Local time: 02:43
Native speaker of: Native in EnglishEnglish, Native in ChineseChinese
PRO pts in category: 4
Grading comment
No news from client, good news then. Lactic souring plus short description in brackets dressed it nicely. As the brainstorming session with Kelvin helped me to get there, four it is then for him. Thanks a bunch. Paul :-)
Login to enter a peer comment (or grade)

5 hrs   confidence: Answerer confidence 3/5Answerer confidence 3/5
quiebra láctica
lactic clouding


Explanation:
QUEBRADO. Vino enfermo por alguna de las llamadas quiebras que producen graves enturbiamientos.

QUIEBRA. Enturbiamiento grave de origen químico. Quiebra férrica: originada por insolubilización de sales de hierro presentes en el vino por reacción con otros componentes (ácido fosfórico, tanino). Otras quiebras son la quiebra proteica y la quiebra cúprica
http://www.geocities.com/cadete.geo/vinosdic.html#q

bigedsenior
Local time: 23:43
Native speaker of: Native in EnglishEnglish
PRO pts in category: 28
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8 hrs   confidence: Answerer confidence 3/5Answerer confidence 3/5
quiebra láctica
lactic souring


Explanation:
Hi Paul - long time...

Well, see what you think of this one. 28 hits aren't much to shout about, but some are quite interesting. See this excerpt (link below):

Lactic Souring

Spontaneous malolactic fermentation is a common red winemaking phenomena. However, several different kinds of ML bacteria exist, and different types of bacteria produce different byproducts in wine. Unfortunately, many byproducts produced by malolactic bacteria (other than the ML fermentation) are detrimental to wine quality.

The French enologist, Emile Peynaud, gives several rules for making red wine in his excellent book "Knowing and Making Wine." His cardinal rule is ". . . make sure the sugars are fermented by yeast, and the malic acid is fermented by bacteria." This is sage advice because most types of lactic bacteria can and will ferment sugar. When lactic bacteria attack grape sugars, the glucose is converted into lactic acid and acetic acid, and the fructose can be converted into a nasty material called mannitol. When lactic bacteria ferment sugar, the volatile acidity of the infected wine can increase rapidly, and the wine often takes on a characteristic sweet-sour taste. This type of bacterial spoilage occurs most often when wines have an excessively high pH.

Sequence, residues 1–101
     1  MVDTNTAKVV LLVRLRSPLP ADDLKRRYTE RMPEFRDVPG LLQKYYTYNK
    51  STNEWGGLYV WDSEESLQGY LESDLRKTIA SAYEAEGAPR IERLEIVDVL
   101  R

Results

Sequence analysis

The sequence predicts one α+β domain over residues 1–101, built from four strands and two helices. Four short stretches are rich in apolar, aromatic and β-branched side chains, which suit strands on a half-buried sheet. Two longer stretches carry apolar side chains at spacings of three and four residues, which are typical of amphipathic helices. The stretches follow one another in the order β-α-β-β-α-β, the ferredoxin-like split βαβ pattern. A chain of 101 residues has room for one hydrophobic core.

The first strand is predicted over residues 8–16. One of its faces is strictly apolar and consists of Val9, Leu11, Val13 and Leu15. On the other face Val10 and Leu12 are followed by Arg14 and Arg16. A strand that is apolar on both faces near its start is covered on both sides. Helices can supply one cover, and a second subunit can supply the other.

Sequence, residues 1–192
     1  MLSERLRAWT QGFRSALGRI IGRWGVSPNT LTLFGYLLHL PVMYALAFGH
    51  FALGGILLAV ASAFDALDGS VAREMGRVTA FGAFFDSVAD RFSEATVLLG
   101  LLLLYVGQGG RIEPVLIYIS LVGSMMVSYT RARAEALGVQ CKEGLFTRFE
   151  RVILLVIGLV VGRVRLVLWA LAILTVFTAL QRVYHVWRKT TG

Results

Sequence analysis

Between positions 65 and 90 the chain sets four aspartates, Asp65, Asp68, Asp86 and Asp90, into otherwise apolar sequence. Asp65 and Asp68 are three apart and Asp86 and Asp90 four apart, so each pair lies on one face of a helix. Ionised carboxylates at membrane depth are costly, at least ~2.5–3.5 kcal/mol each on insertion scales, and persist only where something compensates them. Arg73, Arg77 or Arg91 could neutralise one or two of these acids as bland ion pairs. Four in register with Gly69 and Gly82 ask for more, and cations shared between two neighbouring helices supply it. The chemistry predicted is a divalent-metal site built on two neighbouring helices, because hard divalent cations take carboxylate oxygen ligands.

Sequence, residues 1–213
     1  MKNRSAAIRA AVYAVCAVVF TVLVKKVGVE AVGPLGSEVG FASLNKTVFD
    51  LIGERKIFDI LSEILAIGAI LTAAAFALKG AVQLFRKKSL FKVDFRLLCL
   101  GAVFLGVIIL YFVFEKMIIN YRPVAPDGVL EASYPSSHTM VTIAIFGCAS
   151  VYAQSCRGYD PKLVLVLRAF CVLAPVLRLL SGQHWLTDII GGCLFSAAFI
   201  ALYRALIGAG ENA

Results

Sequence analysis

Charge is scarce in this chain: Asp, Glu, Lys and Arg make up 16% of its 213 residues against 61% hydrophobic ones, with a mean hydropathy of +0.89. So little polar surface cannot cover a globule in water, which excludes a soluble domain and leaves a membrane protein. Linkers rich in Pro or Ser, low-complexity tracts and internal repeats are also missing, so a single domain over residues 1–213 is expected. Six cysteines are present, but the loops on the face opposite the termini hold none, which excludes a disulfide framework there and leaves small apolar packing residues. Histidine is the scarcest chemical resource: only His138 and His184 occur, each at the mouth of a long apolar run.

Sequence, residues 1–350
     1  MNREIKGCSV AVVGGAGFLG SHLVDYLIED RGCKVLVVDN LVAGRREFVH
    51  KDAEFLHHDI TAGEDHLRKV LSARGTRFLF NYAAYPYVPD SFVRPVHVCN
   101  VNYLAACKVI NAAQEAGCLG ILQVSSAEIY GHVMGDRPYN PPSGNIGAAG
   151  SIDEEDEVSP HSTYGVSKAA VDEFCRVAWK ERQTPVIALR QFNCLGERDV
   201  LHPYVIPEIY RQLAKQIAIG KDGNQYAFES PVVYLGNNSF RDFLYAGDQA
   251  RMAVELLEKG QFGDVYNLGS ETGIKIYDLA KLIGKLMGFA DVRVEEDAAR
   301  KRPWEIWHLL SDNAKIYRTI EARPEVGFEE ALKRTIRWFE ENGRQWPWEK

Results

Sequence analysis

Lactic souring and vinegar formation are quite different. Lactic bacteria produce acetic acid by fermenting the sugar. Unlike acetobacter, lactic bacteria produce little ethyl acetate and large amounts of air are not required. Sometimes this type of spoilage is difficult to diagnose because the wine often has a good bouquet and the flavor may be good. However, a hot, burning characteristic is always present in the aftertaste. A lingering hotness in a wine always suggests excessive acetic acid, and sweet-sour tastes sometimes occur when considerable sugar remains in the wine. Lactic bacteria are probably the culprits rather than acetobacter when wine contains excessive acetic acid and little ethyl acetate.

Controlling bacteria early in the fermentation is important because some types of lactic bacteria prefer sugar to malic acid. Most experts recommend treating grapes with 30 milligrams per liter of SO2 at the crusher, even if ML fermentation will be encouraged later in the winemaking process. Even at this low level, the sulfur dioxide is effective in limiting early bacterial growth. After a few days of fermentation, the sulfur dioxide level in the wine will be very low, and it will no longer inhibit the desired ML fermentation.

http://home.att.net/~lumeisenman/chapt13.html

I reckon if it's good enough for someone with that background on wine processes, it's good enough for a translation.

In any case, check out google and see what you think of the other references to lactic souring.

Good luck!!!!

Álvaro :O) :O)

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Note added at 8 hrs 38 mins (2005-04-26 09:46:01 GMT)
--------------------------------------------------

Oh sh**! I hadn\'t seen you had hit on that already...silly me!

Ok, well this author speaks of \"detrimental fermentation\".
I also see plenty of refs to \"spontaneous fermentation\", a few to \"spontaneous wine fermentation\", but what\'s most interesting of all, there are none whatsoever to \"quiebra láctea\" so your idea that the guy has coined the term himself looks likely. This would mean your hands are free to do the same, add a translator\'s note, whatever.

The final term really depends on whether you are looking to cover various forms of spontaneous unwanted fermentation or just the type that responds to \"lactic souring\". Check my ref out from where it says \"Other fermentations\" (if you really are lucky enough to have all that time to spare). You might find other descriptions that help you with other bits of the translation.

Take care! :O ):O)

moken
Local time: 07:43
Native speaker of: Spanish
PRO pts in category: 7